As I’m sure we all have at one point or another during this quarantine, my imagination lead me into a deep rabbit hole recently. A tweet appeared on my timeline with Jamaal Charles highlights and I couldn’t help but fathom what a Chiefs offense would look like had had he played with current Chiefs quarterback Patrick Mahomes.

It wasn’t too long ago when the former Texas running back was running wild in Kansas City’s offense and shredding opposing defenses. Charles finished his career averaging 5.9 yards per touch and set a career-high 6.4 yards per carry during the 2010 NFL season.

Charles was a home-run waiting to happen every time he touched the ball and he would have been a perfect fit in the present-day Chiefs offense.

That had me brainstorming about every other NFL team and what their ‘super-teams’ could look like. With that said, let’s take a look at each franchise’s best players and put together a super team using three skill players only – because including linemen would be very challenging and most of you couldn’t name your franchise’s best blocker.

Kansas City Chiefs
QB: Patrick Mahomes
RB: Jamaal Charles
WR: Tyreek Hill

Ah yes, the ultimate cheat code. The Chief’s present day offense is one of the most explosive in NFL history already with Hill and Mahomes. Imagine adding Charles too the mix with Andy Reid designing plays?

Give me a PA Jet Sweep with Hill as the motion man with a screen to Charles going in the opposite direction. That play alone might score 2-3 touchdowns a game, good luck defending that.

Denver Broncos
QB: John Elway
RB: Terrell Davis
WR: Rod Smith

Funny thing is, this trio got to play five seasons together in real life. However, it was towards the tail end of Elway’s career. Imagine if the three had come into the league all at the same time?!

Still, the three were able to create plenty of magic as they had the fourth, first and second highest scoring offenses from 1996-1998 and came away with two Super Bowl victories. Elway retired in 1998, Davis in 2001 and Smith in 2006. All three are franchise leaders in their respective categories as well.

Las Vegas/Oakland/Los Angeles Raiders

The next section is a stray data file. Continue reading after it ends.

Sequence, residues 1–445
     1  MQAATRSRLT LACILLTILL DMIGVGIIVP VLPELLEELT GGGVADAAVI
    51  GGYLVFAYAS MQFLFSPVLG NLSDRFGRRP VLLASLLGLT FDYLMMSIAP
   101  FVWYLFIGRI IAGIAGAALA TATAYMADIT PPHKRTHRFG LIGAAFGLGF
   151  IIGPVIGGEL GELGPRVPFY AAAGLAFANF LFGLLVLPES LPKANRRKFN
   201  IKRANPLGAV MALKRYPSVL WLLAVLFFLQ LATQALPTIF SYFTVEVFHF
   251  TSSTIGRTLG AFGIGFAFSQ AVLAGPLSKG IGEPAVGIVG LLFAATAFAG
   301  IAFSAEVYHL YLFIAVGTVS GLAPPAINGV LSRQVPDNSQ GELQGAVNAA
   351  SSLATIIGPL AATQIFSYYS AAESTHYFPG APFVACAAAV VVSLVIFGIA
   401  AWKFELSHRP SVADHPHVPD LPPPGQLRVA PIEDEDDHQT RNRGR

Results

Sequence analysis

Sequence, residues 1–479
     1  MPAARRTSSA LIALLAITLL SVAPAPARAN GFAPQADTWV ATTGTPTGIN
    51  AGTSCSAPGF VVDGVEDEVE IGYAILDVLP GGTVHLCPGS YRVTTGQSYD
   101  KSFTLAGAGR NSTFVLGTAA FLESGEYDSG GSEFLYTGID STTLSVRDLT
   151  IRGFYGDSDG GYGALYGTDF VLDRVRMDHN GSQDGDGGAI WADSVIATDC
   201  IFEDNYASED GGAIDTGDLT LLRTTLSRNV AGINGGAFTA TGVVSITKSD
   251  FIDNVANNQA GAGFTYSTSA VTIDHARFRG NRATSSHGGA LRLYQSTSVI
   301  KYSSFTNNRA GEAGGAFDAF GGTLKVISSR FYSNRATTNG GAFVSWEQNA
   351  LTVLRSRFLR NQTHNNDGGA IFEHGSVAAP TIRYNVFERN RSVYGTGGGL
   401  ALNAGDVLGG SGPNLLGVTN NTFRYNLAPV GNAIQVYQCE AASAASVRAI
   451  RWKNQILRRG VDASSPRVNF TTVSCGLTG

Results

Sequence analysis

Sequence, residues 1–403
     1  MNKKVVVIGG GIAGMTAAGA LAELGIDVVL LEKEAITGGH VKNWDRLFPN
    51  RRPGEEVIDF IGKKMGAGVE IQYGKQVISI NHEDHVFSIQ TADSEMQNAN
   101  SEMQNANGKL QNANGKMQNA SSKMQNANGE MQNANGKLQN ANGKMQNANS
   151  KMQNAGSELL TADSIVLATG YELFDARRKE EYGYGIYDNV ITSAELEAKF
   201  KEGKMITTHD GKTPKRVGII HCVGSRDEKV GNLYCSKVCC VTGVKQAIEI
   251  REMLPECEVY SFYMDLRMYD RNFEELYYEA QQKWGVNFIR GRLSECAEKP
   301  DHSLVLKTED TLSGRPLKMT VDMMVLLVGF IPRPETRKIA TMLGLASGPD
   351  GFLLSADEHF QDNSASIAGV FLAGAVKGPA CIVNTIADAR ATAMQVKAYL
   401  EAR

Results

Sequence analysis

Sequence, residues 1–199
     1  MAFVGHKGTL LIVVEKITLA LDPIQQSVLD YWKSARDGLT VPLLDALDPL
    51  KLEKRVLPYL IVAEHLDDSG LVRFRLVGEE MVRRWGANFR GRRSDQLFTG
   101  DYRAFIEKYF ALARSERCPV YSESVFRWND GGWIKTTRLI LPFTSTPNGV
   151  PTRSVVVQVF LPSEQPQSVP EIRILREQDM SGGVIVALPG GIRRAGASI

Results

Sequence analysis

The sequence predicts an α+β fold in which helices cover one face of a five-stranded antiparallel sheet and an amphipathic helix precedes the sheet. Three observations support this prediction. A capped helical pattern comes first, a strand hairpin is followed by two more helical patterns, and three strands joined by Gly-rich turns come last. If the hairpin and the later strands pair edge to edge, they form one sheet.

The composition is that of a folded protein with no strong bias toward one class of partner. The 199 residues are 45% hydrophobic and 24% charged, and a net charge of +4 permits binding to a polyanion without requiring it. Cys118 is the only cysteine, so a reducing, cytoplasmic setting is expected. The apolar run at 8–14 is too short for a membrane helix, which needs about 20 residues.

QB: Ken Stabler
RB: Marcus Allen
WR: Tim Brown

I almost went two running backs here and paired Bo Jackson with Allen but that would be a disservice to Tim Brown. Brown is the franchise leader with 1,070 receptions, 14, 734 receiving yards and 99 receiving touchdowns. The next closest player in receptions is Fred Biletnikoff with 589 catches.

Stabler still holds on to the franchise record for most passing touchdowns (150) but will soon be passed up by Derek Carr (143 entering 2020). While the quarterback didn’t wow in any particular physical category, he came up clutch time and time again for the Raiders. The lefty nicknamed “Snake” lead the franchise to a Super Bowl victory in 1976 and was later enshrined into the Hall of Fame.

Allen on the other hand is still widely debated as one of the top running backs of all time. He still holds the franchise record for most rushing yards in a career (8,545) and is second all-time to Brown in total touchdowns (98).

Los Angeles/San Diego Chargers
QB: Philip Rivers
RB: LaDainian Tomlinson
TE: Antonio Gates

This trio also played multiple years together but never managed to get far in the playoffs which is sort of a head scratcher. Not a huge fan of Rivers, but statistically he’s far better than any other quarterback in the franchise’s history.

Tomlinson was arguably the best running back of the 2000’s decade leading the league in rushing yards twice, in rushing touchdowns three times and yards from scrimmage once. ‘LT’ ranks seventh all-time in rushing yards and second all-time in rushing touchdowns.